Local Independent Deputy, Denis Naughten, has called on the Tánaiste, Deputy Micheal Martin, to designate Custume Barracks in Athlone as the location for the proposed new Defence Forces headquarters, as recommended by the Commission on the Defence Forces.
Addressing the issue in Dáil Éireann, Deputy Naughten pointed out that when the report recommendations were published one year previously it recommended the urgent restructuring of the Defence Forces into a more agile and flexible structure that can meet current and future operational taskings.
Essential to the delivery of this was the creation of a new position as Chief of Army, to be supported by a staff with responsibility for the administration and management of all units under its command.
The report goes on to state that it “believes that Defence Forces Headquarters should be centrally located, with sub-commands providing an adequate national disposition”.
Deputy Naughten informed Deputy Micheal Martin, Tánaiste and Minister for Defence, that Custume Barracks, a former Brigade headquarters, was ideally located to take on such a role as envisaged within the Commission on the Defence Forces report.
“As we know the Commission on the Defence Forces was critical of the decision taken to downgrade Custume Barracks in 2011 which pointed out that the ‘reorganisation has led to a number of anomalies, including reduced personnel numbers in the country’s two largest urban centres and career progression opportunities being heavily skewed towards the Eastern region’.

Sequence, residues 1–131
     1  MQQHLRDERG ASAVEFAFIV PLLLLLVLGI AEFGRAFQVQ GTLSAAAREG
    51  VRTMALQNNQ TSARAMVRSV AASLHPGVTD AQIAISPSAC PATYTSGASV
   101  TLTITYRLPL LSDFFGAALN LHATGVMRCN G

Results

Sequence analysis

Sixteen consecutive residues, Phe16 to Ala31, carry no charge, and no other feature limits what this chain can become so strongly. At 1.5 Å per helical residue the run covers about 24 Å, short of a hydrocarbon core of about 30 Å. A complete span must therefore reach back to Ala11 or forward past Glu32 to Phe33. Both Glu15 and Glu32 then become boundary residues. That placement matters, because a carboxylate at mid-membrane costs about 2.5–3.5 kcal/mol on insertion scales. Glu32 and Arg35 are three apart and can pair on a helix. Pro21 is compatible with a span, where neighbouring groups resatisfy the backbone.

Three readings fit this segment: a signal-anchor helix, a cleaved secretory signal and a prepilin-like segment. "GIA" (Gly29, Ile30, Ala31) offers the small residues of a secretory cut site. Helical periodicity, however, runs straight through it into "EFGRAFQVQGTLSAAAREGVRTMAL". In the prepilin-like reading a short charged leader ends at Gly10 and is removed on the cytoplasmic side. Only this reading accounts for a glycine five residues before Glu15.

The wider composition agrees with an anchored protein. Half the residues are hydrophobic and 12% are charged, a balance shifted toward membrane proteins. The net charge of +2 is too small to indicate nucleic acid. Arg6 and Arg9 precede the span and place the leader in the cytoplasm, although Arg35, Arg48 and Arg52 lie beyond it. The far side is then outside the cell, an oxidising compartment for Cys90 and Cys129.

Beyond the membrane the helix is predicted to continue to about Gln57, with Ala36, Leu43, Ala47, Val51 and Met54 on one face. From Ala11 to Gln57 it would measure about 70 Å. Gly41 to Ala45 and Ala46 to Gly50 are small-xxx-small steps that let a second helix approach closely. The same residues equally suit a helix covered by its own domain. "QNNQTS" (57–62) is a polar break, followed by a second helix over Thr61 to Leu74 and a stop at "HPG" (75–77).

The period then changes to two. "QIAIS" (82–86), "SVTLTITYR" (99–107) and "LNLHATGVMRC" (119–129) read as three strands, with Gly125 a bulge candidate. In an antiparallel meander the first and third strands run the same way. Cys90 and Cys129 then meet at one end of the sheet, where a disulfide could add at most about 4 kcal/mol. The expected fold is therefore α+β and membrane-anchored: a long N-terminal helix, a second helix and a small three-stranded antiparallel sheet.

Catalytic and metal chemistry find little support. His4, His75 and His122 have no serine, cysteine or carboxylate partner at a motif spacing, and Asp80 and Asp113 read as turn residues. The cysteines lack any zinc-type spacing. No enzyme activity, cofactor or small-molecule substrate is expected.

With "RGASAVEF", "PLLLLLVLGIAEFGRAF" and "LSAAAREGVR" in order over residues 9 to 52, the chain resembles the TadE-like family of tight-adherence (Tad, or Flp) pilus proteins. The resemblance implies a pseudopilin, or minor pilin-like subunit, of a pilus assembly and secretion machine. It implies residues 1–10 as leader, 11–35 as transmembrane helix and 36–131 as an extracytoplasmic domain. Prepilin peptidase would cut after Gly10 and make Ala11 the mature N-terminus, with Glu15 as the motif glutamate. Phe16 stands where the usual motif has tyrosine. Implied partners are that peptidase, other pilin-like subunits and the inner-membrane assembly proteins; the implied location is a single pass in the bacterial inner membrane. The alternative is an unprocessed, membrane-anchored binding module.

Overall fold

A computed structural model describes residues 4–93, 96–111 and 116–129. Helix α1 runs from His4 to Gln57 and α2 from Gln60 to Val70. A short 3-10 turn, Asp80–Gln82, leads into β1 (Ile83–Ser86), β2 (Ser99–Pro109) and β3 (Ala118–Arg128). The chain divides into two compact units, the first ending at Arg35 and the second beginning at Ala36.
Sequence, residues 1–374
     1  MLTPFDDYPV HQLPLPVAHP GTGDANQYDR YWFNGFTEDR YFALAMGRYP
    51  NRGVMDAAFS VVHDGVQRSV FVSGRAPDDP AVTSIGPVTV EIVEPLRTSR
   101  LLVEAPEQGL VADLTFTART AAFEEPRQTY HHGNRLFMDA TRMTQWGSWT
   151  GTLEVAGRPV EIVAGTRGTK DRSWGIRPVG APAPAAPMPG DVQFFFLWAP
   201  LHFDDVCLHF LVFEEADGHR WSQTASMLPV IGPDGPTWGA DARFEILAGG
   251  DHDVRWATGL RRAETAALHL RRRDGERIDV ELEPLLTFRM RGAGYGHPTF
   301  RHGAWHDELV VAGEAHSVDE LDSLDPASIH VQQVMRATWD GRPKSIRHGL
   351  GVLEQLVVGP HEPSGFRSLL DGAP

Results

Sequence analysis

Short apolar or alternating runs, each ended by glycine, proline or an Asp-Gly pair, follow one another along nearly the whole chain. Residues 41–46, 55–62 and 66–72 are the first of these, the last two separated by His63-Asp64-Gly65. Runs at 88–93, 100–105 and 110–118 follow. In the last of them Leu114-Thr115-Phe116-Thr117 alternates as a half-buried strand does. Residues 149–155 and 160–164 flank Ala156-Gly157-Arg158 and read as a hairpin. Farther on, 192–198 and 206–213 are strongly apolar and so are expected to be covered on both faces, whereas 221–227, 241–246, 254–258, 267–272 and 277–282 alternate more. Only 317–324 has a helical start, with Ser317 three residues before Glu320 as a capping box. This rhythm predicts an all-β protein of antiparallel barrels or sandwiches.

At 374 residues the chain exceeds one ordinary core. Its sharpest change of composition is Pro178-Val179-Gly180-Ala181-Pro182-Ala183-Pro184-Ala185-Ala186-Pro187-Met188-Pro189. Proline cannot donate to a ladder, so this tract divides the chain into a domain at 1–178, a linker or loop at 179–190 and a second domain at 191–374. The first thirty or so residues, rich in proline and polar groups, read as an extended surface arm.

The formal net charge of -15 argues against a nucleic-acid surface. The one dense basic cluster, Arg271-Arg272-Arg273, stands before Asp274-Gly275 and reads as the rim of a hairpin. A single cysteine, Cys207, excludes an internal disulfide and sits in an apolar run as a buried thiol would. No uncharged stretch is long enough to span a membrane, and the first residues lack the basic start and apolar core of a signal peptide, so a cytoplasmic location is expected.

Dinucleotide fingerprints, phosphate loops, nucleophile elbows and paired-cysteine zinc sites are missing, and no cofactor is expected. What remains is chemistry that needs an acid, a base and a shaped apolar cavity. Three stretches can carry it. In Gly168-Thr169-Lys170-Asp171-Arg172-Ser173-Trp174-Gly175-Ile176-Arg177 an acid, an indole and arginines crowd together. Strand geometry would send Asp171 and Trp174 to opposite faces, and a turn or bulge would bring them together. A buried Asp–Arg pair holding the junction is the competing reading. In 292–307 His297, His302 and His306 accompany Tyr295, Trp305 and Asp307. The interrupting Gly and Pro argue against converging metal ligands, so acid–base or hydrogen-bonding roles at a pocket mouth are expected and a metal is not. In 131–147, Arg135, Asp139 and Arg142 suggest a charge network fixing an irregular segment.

“To counteract this problem the Commission report recommends that the future structures of the army be regionally balanced and having army headquarters based right in the middle of the country at Custume Barracks makes perfect sense.
“Disappointingly, the Tánaiste would not commit to delivering the Defence Forces for Athlone stating that it was premature, but I am determined to see Custume Barracks become the new headquarters for the army in line with the recommendations of the Commission on the Defence Forces,” Deputy Naughten asserted.
Upon its publication in February 2022, Cathaoirleach, Westmeath County Council, Cllr Aengus O’Rourke, broadly welcomed the Commission’s contents, but expressed his displeasure relating to the problematic pay and conditions which have proved detrimental to staff retention at Custume Barracks.
The Commission on the Defence Forces report was published following 13 months of deliberations during which 480 submissions were received and 1,000 military personnel of all ranks were engaged on issues such as the Irish army’s capabilities, structures and staffing.